Another object of this invention is to provide a rock sampling device which may be operated by personnel in and power from a manned deep submersible and may be controlled by conventional mechanical manipulator hands on the submersible.
A further object of the invention is to provide a rock sampling device which is capable of obtaining hard rock cores of substantially inch diameter and 4 inches long from ocean depths down to 6,000 feet using exiting control devices.
Other objects, advantages and novel features of the invention will become apparent from the following detailed description thereof when considered in conjunction with the accompanying drawings in which like numerals represent like parts throughout and wherein:
FIG. I is a schematic diagram showing the major components of the invention;
FIG. 2 is a sectional plan view of a component of the schematic embodiment shown in FIG. 1;
FIG. 3 is a longitudinal sectional view of a second embodiment of the invention; and
FIG. 4 is a schematic view of a third embodiment of theinvention being operated remotely from a manned deep submersible.
Referring to FIG. 1, there is shown the deep core drill 11 which includes a tubular shell 12 housing in longitudinal succession a DC motor 13, a gear reducer 14, a universal joint 15, a flexible impeller water pump 16 and the upper end of a hollow drill shaft 17. The foregoing components are interconnected and are disposed in separate compartments. These components are adapted for operation in either a clockwise or counterclockwise direction depending on the particular use. Motor 13 is disposed in a chamber 20 which is filled with a pressure compensating oil 21 having high dielectric characteristics. The oil occupies several compartments and is separated from the seawater by means of a free-floating piston 24 which is slidably mounted on a pump shaft 25. Drill shaft 17 is connected to shaft 25 and is provided with a port 26 at the upper end for admitting seawater, an enlarged cavity 27 which is open at its remote end to receive the core sample and an interconnecting passage 28. Drill shaft 17 is provided with a collar 29 at its remote end which collar is fitted with a plurality of diamond tips 30 for cutting into the bottom rock. Housing 12 is provided with an opening 33 for admitting seawater into a seawater chamber 34 below piston 24. Seawater enters pump 16 through an inlet 35 in chamber 34 and exits the pump through an outlet 36 into a plenum chamber 37 between the lower face of the pump and the bottom of housing 12. Drill shaft 17 is secured to pump 16 by conventional means, not shown, and rotates in a bearing 40 in the bottom end of housing 12. A T-handle 38 is provided for securing into a threaded opening 39 in theupper end of housing 12. The handle 38 used is selected to mate with a submersible manipulator hand, the handle having a T-bar 40 for providing rotary control and a shaft 41 for providing longitudinal control.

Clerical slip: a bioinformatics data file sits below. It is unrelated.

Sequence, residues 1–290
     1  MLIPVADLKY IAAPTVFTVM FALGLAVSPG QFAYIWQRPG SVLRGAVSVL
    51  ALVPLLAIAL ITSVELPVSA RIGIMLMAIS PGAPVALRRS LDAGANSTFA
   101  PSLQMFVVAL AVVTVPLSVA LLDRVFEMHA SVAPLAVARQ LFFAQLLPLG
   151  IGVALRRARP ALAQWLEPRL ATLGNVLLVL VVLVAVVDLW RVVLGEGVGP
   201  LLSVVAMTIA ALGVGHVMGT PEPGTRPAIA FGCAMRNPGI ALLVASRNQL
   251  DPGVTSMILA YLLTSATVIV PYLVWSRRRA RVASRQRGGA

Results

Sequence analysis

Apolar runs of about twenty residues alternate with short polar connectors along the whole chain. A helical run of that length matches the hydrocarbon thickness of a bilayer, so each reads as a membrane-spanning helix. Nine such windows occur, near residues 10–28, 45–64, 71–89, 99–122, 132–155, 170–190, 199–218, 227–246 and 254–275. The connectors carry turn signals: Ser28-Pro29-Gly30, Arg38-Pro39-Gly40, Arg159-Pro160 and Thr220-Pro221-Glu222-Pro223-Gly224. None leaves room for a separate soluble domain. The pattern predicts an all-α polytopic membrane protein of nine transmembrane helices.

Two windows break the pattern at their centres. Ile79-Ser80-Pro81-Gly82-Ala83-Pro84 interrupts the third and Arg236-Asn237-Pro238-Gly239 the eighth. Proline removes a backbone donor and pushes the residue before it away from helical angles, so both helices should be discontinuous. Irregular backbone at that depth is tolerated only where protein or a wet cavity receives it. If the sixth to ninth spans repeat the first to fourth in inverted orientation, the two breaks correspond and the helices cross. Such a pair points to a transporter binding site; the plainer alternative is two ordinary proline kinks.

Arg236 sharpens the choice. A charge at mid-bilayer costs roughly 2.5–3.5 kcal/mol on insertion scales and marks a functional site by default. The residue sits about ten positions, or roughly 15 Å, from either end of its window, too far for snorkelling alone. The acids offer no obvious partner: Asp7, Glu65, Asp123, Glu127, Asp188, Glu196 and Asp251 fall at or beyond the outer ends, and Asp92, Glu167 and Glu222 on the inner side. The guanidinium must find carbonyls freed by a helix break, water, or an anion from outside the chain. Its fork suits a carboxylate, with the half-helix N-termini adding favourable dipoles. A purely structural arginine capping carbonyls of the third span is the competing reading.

FIG. 2 shows pump 16in transverse view, the pump including a casing 42 within which impellers 43 rotate, and a ramp '44 which substantially deforms the impeller arms so as to apply a sufficient pressure to force water through outlet 36.